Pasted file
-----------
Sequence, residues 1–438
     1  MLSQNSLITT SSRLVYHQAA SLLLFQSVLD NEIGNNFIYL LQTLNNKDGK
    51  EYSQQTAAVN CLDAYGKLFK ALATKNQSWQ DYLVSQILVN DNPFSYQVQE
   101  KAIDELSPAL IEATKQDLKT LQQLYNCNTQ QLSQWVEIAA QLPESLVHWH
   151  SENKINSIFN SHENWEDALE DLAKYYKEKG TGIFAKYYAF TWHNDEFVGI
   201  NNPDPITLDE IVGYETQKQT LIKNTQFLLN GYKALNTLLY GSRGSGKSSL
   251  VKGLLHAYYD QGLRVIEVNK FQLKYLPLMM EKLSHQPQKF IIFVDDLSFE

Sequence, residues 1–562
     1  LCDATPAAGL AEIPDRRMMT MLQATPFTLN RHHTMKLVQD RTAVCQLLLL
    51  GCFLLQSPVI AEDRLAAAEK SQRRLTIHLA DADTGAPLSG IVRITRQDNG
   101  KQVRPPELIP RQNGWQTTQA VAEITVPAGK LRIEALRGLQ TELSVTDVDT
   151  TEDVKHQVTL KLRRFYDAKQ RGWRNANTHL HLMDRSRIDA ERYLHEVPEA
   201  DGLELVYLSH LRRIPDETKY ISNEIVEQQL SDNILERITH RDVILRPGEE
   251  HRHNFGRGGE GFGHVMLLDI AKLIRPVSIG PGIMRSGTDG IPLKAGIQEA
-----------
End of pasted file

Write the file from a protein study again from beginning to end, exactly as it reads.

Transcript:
Sequence, residues 1–438
     1  MLSQNSLITT SSRLVYHQAA SLLLFQSVLD NEIGNNFIYL LQTLNNKDGK
    51  EYSQQTAAVN CLDAYGKLFK ALATKNQSWQ DYLVSQILVN DNPFSYQVQE
   101  KAIDELSPAL IEATKQDLKT LQQLYNCNTQ QLSQWVEIAA QLPESLVHWH
   151  SENKINSIFN SHENWEDALE DLAKYYKEKG TGIFAKYYAF TWHNDEFVGI
   201  NNPDPITLDE IVGYETQKQT LIKNTQFLLN GYKALNTLLY GSRGSGKSSL
   251  VKGLLHAYYD QGLRVIEVNK FQLKYLPLMM EKLSHQPQKF IIFVDDLSFE

Sequence, residues 1–562
     1  LCDATPAAGL AEIPDRRMMT MLQATPFTLN RHHTMKLVQD RTAVCQLLLL
    51  GCFLLQSPVI AEDRLAAAEK SQRRLTIHLA DADTGAPLSG IVRITRQDNG
   101  KQVRPPELIP RQNGWQTTQA VAEITVPAGK LRIEALRGLQ TELSVTDVDT
   151  TEDVKHQVTL KLRRFYDAKQ RGWRNANTHL HLMDRSRIDA ERYLHEVPEA
   201  DGLELVYLSH LRRIPDETKY ISNEIVEQQL SDNILERITH RDVILRPGEE
   251  HRHNFGRGGE GFGHVMLLDI AKLIRPVSIG PGIMRSGTDG IPLKAGIQEA